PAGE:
Rudolf at risk! 250,000 reindeer to be culled in Siberia officials’ plan to fight anthrax

© Vitaliy Ankov
Officials in the remote Russian region of Yamalo-Nenets call for 250,000 reindeer to be culled in the face of the growing anthrax threat. Others fear that this could destroy the region’s age-old nomadic reindeer herding.

The strategy proposed by the officials includes compensating the nomads, not in cash, but in mortgages to buy apartments.

Reindeer in the region have traditionally been slaughtered in November and December, but this year the number is set to increase dramatically, regional Governor Dmitry Kobylkin told The Siberian Times media outlet.

Reindeer are usually killed using electric shock to the forehead. They are then slung upside down, and after the antlers are removed, the throat is slit and blood is drained from the body. The reindeer are exported – mostly to China where they are used for medical purposes.

Reindeer have experienced grim times over the past couple of years: first there was a major freeze in the winter of 2013-2014 that led to the deaths of about 70,000 reindeer.

This summer, the region saw an outbreak of anthrax after the record hot Arctic summer: the ‘frozen’ disease was awakened in the permafrost for the first time in 75 years, and led to the death of a boy, plus some 2,350 reindeer, as well as four dogs. Almost 100 people were taken to the hospital.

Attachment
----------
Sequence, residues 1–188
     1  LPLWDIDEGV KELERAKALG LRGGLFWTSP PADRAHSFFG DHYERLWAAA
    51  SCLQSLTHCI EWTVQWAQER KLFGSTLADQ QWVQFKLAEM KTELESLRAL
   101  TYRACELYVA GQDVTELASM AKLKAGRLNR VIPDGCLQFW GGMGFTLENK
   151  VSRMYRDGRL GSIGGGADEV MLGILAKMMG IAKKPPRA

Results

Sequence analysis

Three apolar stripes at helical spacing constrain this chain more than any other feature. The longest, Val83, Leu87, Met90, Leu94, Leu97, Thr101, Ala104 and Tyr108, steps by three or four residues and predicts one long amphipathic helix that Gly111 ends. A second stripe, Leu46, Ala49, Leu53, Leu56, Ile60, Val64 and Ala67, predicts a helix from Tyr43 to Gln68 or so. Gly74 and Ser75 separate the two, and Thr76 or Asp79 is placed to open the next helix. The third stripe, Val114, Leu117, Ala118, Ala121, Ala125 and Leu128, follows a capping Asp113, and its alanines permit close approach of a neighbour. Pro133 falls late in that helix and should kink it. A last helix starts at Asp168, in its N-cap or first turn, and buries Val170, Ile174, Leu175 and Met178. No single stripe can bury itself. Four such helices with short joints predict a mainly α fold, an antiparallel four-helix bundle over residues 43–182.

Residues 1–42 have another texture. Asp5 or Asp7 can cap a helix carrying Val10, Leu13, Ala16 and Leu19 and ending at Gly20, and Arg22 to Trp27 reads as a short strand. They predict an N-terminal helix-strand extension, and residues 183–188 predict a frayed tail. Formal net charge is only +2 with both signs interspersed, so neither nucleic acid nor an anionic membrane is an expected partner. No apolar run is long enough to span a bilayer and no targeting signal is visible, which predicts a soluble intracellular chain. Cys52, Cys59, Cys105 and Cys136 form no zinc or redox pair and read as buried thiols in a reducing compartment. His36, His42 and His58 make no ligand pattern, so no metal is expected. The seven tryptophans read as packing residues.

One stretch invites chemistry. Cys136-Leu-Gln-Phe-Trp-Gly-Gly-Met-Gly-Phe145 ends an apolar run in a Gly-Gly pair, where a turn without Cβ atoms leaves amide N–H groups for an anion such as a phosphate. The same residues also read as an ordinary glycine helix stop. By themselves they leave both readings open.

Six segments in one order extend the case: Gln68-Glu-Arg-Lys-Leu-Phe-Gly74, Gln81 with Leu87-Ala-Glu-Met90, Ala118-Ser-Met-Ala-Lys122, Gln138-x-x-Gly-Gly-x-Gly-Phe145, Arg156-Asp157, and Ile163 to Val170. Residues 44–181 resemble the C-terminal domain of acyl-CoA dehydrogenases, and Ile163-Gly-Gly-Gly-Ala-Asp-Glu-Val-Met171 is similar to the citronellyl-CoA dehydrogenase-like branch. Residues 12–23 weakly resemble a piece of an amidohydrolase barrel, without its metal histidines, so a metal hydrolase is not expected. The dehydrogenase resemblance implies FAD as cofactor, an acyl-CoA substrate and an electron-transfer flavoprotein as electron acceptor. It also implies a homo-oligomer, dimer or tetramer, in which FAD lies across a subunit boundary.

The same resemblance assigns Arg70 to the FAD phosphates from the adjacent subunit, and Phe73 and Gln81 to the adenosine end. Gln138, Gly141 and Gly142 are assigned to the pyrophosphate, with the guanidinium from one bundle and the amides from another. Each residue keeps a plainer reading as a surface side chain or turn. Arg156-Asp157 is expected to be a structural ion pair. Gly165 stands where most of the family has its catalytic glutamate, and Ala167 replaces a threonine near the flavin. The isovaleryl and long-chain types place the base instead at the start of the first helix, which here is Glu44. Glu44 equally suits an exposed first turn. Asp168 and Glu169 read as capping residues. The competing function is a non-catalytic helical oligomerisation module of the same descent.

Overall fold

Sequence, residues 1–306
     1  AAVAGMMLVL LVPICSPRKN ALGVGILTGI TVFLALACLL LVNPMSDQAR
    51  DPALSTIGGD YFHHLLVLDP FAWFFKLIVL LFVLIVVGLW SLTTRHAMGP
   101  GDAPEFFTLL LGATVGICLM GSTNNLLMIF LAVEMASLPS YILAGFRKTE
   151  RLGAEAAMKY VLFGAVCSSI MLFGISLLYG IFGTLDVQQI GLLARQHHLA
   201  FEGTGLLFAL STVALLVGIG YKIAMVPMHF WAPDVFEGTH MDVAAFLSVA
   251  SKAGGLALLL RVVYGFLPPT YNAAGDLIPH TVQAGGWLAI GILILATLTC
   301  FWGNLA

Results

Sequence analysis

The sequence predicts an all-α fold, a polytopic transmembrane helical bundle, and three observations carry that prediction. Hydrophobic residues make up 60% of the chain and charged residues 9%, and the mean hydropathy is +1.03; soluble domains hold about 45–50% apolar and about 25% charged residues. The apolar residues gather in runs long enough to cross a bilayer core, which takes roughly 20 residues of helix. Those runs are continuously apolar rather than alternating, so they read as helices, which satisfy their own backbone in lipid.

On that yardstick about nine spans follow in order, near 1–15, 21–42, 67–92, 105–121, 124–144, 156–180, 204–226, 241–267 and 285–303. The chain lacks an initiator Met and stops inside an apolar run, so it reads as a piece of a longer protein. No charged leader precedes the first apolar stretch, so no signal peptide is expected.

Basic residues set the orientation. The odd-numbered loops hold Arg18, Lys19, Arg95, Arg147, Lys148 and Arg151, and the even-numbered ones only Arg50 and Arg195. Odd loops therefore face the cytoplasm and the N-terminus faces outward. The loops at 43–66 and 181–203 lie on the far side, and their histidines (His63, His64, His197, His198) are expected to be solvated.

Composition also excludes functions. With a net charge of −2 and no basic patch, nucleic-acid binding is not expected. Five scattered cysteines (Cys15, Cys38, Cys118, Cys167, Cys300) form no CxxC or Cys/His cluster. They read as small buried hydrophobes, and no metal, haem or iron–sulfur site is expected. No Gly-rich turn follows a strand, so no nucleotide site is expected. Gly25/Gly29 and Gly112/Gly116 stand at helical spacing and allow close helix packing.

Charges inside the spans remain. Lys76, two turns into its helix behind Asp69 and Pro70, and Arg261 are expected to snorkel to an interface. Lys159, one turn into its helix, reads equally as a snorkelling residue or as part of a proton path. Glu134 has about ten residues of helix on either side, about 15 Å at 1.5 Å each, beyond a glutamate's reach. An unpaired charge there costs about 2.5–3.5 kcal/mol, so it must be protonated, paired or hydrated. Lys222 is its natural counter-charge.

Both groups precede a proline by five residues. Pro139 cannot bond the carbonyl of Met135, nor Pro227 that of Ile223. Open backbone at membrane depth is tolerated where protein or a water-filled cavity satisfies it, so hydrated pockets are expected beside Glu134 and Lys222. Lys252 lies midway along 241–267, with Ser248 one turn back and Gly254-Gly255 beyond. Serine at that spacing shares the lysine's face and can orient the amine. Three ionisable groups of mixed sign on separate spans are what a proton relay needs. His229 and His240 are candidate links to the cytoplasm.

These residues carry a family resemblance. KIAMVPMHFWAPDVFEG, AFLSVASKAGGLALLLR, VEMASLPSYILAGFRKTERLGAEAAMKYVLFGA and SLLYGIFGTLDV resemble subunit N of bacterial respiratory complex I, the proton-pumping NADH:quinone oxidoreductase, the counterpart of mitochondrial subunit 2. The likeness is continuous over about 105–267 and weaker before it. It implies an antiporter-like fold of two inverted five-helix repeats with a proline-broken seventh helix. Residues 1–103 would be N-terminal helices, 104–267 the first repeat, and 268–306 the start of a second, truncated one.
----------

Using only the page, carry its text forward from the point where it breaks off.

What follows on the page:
There are now fears, however, that a new outbreak could cause the disease to rapidly spread, as “the reindeer livestock numbers in Yamal are too high,” said Nikolay Vlasov, deputy head of Rosselkhoznadzor, Russia’s Federal Veterinary and Phytosanitary Surveillance Service, as quoted by The Siberian Times. He added that the density of the reindeer livestock could cause an even faster spread of the disease, concluding that the region is reaching “a dangerous milestone.”

“I base my conclusions on Soviet standards. Back then, livestock was kept at the same number: 300,000 to 400,000 heads. Now there are 700,000 already,” he said.

Another step to stave off catastrophe would be to move large numbers of the animals to the southern parts of Yamelo-Nenets – an area substantially larger than France in size – to allow the northern pastures to recover.

Scientists, however, express concern over this measure: anthropologist Olga Murashko said she was “worried about the fate of the private herders, who still perpetuate the tradition of family and clan based reindeer herding.” The majority of them have small herds. At the same time, gas licensing is increasing in the area, causing even more concern over the nomads’ fates, she added.

“A huge number of nomads on the Yamal and Gydan peninsulas will lose their means of existence and opportunities to maintain their traditional way of life,” she said, as quoted by The Siberian Times.

Time is also against the herders. In a few months, “the indigenous reindeer herders cannot be properly consulted on the administration’s plans to annihilate a large number of reindeer.”

Yamal Region’s name is translated as ‘end of the Earth’ and is located in the north, about 4,200 kilometers (2,609 miles) from Moscow. Winter temperatures there may drop to -50 C.